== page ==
Where is our first fall coot front?
Published 7:00 am Tuesday, September 13, 2016
Die-hard Saints fans spend the summer looking forward to the kickoff of the regular season.
The kickoff part of their wish was fulfilled this past Sunday, even if the end of the game didn’t quite live up to expectations.
When the last out is made in the World Series each fall, baseball fans begin looking forward to the start of spring training. Not too long ago the last out was always made in October, but with expanded post-season play we now always have at least the possibility of November World Series play.
Many people agree with the song that Christmas is “the most wonderful time of the year.” In the not-too-distant past, Thanksgiving marked the beginning of anticipation for the Yuletide season. Advertisers now make sure we begin thinking about Christmas at the same time we’re buying Halloween candy.
For those of us who grow tired of south Mississippi’s hot and humid summers, one of our most eagerly anticipated seasonal events is the arrival of the first cool front of autumn. The cool air usually only lasts a few mornings before the muggy heat returns for another week or two, but the first cool front gives us a tangible break from the hazy monotony of summer, and it shores up our hope that long-term relief is just around the corner.
The first fall cool front can be seen in our local weather records by looking for the day when the minimum temperature falls from the 70s into the lower 60s or even 50s.
The average date for our first
cool front from 1996 through 2015 was September 18th. In seven of those years it was between the 15th and 19th, which makes that five day period the most frequent time for the first front.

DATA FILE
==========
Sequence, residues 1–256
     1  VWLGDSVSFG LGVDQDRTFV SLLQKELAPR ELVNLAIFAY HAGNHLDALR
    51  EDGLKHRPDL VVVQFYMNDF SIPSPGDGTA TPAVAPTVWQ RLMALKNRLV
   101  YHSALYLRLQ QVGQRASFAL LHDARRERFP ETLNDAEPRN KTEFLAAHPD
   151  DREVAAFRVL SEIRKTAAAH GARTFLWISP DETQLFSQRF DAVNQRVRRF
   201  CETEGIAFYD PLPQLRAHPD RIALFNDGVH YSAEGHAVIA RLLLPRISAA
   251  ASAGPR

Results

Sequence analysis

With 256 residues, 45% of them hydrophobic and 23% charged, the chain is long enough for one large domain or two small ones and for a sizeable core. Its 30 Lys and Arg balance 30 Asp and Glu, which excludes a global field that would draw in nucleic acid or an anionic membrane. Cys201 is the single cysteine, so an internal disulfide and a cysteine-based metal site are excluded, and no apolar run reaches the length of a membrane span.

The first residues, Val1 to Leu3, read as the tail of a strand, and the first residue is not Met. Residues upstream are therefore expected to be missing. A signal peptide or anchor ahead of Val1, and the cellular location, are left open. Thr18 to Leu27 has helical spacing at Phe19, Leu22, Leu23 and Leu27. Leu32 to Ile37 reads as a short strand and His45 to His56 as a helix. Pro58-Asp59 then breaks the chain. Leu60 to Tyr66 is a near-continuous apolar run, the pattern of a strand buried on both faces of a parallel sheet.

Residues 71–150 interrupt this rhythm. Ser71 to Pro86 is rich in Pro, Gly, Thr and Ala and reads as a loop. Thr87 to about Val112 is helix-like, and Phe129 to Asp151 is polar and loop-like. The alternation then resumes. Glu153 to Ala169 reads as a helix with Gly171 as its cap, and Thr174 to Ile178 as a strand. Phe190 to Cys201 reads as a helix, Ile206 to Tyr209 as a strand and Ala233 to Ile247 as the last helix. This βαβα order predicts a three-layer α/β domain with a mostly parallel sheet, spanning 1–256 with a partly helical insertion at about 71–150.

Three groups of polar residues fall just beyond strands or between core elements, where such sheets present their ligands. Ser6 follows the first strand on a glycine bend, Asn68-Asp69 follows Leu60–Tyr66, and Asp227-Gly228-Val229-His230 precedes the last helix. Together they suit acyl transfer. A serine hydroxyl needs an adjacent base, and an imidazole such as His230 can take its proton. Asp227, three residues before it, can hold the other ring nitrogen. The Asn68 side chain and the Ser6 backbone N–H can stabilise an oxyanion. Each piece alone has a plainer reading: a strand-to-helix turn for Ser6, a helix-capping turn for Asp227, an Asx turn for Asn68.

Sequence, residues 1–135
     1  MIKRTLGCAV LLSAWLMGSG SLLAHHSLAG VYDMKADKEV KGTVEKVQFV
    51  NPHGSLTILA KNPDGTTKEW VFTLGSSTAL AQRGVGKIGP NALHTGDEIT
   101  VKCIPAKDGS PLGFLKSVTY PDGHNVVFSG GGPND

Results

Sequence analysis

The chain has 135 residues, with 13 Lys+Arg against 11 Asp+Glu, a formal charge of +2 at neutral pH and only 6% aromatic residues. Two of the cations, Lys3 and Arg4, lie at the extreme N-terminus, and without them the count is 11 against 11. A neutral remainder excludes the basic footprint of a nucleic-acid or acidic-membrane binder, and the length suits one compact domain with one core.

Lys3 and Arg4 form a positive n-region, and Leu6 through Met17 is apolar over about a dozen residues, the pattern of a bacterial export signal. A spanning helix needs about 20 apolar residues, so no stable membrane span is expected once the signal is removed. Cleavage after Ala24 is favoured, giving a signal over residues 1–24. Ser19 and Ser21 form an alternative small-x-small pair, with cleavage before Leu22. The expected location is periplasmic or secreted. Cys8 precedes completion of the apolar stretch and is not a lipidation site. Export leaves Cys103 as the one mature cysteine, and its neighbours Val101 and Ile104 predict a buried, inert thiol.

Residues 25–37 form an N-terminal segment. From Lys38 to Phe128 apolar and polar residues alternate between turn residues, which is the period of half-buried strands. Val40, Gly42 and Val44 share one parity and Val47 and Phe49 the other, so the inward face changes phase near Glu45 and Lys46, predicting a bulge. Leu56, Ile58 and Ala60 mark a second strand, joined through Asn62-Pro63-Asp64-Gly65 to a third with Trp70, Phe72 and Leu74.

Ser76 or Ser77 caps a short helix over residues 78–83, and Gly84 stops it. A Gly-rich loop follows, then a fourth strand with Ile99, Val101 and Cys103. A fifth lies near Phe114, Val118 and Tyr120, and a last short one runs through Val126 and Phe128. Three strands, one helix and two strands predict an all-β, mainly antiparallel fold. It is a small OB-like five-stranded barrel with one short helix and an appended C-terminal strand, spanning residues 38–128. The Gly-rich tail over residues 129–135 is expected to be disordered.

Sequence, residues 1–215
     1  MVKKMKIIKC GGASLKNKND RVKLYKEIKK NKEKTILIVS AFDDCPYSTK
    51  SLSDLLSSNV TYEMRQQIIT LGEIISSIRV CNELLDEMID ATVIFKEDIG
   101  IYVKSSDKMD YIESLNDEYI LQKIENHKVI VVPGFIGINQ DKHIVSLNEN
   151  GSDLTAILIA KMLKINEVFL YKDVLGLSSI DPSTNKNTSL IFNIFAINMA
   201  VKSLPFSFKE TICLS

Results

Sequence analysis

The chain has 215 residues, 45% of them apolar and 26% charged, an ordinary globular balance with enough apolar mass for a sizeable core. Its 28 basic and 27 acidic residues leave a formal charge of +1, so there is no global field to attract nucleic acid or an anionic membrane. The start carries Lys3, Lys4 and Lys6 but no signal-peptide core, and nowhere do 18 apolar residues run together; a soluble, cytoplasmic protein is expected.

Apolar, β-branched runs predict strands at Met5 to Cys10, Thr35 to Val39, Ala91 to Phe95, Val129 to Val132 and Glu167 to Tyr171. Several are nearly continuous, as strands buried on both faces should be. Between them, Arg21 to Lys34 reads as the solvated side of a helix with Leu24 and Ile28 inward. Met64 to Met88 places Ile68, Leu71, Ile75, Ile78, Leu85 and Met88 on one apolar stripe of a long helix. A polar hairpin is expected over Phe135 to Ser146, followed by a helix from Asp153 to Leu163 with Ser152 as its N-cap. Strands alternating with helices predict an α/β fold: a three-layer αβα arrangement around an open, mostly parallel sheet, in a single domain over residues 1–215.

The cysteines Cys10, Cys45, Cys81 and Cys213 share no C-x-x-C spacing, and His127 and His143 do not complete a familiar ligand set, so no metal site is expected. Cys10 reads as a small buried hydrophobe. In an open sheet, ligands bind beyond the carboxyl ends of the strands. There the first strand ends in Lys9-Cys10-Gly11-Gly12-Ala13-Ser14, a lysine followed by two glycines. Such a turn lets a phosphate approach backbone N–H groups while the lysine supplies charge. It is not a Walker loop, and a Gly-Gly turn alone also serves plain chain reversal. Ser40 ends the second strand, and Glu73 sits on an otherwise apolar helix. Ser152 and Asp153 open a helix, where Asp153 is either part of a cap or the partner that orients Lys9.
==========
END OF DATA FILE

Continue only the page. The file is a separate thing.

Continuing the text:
So, late this week into early next week is statistically the most likely time for us to see fall’s first cool front. Before you run to unpack your sweaters, consider that there are considerable differences from year to year. In 2011 the first significant cool front arrived on September 5th. In 1998 we were kept in sweaty suspense until October 8th.
This year it appears we will have to wait a little longer than average. Forecasters expect that this week we will remain on the western side of the Bermuda High at the surface and under a ridge of high pressure aloft.
This is a typical summer pattern, which will give us typical late summer humidity, scattered afternoon showers, and lows in the 70s and highs in the upper 80s.
A cool front will approach us this weekend and early next week. Chances are about fifty-fifty that it will struggle past us, but even if it does it will be weak and falling apart.
There is hope on the horizon, however, for fans of fall.
The long-range computer weather models are predicting that, not next week, but early in the last week of September, we could have our first significant cold frontal passage since last spring.
Whenever it does get here, enjoy a few crisp mornings before you drag out the Christmas decorations.
By Skip Rigney